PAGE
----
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Tinsel Teeth - Trash as the Trophy

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Artist: Tinsel Teeth

Album: Trash as the Trophy

Label: Load

Review date: Jul. 28, 2010

Tinsel Teeth sound like a bucket of intestines. Stare in to the bucket, and those entrails start to look like they might be the scrapings of a pasta dinner topped with cheez wiz. Or silly string. Something possibly edible, if you’re desperate. Either way, this is rock for those who really like sausages, and don’t mind watching them being made.

Listening to long-players from a band like this is a secondary experience to standing next to the people who can make these red and grey clumps of noise. There are nine songs, but they could be subdivided a few times, ‘cause the moving parts work together only to escalate the chaos.

Tinsel Teeth don’t venture into alien noise as much as some of their Providence brethren. Boiling bass and drums are a recognizable a rhythm section. The guitar spits bits of clean notes between dubious tunings. The vocalist doesn’t front the band as much as perform next to them, talk-growling in the drawl of a TV host for a bass fishing show on basic cable.

At a live Tinsel Teeth gig, you’d get spatters of fake blood, close-up views of the members’ skin art, and a strap-on sausage bouncing between the legs of the master — er, mistress — of ceremonies. There isn’t a syllable on Trash as the Trophy where you’d guess the vocalist is female. Nor is there a syllable that’s decipherable English.

That’s one of the chief benefits of the disc — the lyric sheet. Here they drop clues of the context behind the spectacle. The opener is called “Libraries are the Cemeteries of Ideas.” The lyrics cycle through color words in each line and elliptical images. Not high art, but not so low down, either. Gore-rock like this has to acknowledge that it doesn’t spring from the salty earth of its aspirations. No one here is ever going to host a bass fishing show. Society made them what they are. They’re white suburban punks. And it hurts.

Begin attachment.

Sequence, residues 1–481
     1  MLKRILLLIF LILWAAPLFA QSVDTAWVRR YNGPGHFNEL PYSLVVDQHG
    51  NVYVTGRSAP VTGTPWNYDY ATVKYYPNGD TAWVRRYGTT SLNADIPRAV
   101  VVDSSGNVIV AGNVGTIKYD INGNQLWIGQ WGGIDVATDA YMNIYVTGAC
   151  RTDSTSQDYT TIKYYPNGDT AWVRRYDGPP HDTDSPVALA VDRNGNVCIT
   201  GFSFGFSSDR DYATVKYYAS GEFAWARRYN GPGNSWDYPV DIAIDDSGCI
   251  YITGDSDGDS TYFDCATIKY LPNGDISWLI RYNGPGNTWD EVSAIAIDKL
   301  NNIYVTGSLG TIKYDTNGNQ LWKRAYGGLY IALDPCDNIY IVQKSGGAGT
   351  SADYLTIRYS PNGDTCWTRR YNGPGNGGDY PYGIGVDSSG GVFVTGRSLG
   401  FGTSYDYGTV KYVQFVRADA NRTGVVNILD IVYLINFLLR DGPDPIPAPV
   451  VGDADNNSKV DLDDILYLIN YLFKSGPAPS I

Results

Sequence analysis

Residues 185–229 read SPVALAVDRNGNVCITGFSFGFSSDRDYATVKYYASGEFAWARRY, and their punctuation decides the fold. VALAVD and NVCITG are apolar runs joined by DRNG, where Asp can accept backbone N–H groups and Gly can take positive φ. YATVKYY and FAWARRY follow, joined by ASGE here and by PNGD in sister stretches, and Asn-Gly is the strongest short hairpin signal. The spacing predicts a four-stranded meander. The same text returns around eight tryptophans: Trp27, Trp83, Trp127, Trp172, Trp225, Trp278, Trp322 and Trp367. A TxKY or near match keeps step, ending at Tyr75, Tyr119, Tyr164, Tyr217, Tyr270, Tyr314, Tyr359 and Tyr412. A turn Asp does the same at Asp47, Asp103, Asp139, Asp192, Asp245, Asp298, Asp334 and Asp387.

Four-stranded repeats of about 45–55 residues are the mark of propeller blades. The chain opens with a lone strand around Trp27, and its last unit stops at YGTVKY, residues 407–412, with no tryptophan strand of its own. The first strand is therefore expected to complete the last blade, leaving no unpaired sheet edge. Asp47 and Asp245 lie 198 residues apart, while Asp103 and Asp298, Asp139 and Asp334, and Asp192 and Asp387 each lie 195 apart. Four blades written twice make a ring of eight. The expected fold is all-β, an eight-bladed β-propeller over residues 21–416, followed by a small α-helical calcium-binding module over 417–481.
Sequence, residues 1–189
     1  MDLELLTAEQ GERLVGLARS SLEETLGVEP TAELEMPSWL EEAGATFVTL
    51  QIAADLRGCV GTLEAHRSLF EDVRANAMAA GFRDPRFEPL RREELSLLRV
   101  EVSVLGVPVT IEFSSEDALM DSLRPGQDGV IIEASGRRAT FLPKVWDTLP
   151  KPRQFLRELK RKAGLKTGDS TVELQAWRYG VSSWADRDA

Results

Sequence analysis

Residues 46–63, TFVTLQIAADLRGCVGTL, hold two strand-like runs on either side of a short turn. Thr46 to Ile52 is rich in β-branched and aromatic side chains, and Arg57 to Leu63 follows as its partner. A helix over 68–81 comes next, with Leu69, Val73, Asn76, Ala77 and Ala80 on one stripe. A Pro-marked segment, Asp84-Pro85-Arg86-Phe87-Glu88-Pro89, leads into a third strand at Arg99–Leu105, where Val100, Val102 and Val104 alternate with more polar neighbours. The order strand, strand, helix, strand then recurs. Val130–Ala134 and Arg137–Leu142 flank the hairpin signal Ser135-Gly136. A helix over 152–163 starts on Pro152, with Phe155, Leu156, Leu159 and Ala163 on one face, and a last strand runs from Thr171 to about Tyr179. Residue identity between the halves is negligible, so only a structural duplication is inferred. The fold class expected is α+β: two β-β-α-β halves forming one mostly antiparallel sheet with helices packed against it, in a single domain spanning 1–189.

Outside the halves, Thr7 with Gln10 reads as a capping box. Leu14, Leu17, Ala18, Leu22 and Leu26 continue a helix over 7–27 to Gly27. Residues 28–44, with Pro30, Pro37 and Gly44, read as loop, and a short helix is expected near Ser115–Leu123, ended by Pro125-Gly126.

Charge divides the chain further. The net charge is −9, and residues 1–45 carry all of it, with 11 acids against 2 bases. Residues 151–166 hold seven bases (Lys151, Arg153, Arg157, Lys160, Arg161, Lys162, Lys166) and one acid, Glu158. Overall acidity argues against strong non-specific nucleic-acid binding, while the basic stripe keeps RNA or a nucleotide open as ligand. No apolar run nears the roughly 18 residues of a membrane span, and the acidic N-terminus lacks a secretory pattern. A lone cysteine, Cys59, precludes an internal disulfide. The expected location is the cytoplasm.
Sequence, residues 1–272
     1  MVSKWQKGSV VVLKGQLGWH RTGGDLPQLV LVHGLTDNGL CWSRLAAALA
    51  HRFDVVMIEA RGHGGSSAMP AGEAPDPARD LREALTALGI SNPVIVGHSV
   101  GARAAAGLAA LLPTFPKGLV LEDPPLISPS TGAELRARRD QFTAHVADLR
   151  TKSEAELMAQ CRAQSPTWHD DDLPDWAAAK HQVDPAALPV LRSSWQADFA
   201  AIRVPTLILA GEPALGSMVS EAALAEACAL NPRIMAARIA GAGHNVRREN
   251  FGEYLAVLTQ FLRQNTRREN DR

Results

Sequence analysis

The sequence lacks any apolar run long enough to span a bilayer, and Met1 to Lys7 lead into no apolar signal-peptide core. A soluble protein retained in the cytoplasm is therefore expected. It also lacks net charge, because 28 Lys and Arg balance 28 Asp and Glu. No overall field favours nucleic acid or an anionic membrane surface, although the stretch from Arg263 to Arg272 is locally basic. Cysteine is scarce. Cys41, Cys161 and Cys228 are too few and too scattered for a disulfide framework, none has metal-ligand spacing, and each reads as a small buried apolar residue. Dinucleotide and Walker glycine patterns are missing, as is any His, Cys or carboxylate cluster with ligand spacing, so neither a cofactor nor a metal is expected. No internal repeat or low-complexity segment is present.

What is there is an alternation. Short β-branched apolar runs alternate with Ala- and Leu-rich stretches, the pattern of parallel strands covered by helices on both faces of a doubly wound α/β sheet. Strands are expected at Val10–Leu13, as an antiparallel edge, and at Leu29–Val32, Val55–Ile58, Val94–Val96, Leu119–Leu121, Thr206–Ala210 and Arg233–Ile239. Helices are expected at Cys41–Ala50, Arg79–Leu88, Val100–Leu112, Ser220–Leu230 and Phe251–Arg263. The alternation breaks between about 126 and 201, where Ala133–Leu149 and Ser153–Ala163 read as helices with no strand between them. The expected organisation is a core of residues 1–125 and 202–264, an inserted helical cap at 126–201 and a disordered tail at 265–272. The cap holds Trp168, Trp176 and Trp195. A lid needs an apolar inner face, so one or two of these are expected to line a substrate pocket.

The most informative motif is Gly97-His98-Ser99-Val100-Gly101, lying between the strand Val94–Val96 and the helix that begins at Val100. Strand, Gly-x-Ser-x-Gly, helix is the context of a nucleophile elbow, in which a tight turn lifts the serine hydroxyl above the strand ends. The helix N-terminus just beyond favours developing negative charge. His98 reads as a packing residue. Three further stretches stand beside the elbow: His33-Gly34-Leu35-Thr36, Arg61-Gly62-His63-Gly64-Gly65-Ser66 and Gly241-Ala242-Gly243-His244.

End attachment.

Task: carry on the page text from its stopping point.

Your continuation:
I’d contend that no one has ever figured out the best way to record this kind of music. The credits say “recorded, engineered” rather than “produced.” It’s an article of faith that Steve Albini’s sonically-accurate capture of the Jesus Lizard is the proper approach. No tricks. However, the Butthole Surfer’s late 1980s albums were tangential to the band’s live show, separate productions filled with unintended studio artifacts brought front and center, and dirty jokes and tape cut-ups that were unperformable. The albums created a parallel document to the surgery films, topless bearded dancers and swamp boogie emerging from the smoke machine cloud. Black metal bands strive for the same density as a band like Tinsel Teeth, and it’s a common practice to cut-and-paste in extra kick drums in post-production. It drains some of the humanity off.

Somewhere in between all that, there’s a sweet spot that could make this tangle come out of the speakers with all the force it desires. There will be a trophy for the band that figures it out, filled to the brim with bodily fluids.

By Ben Donnelly

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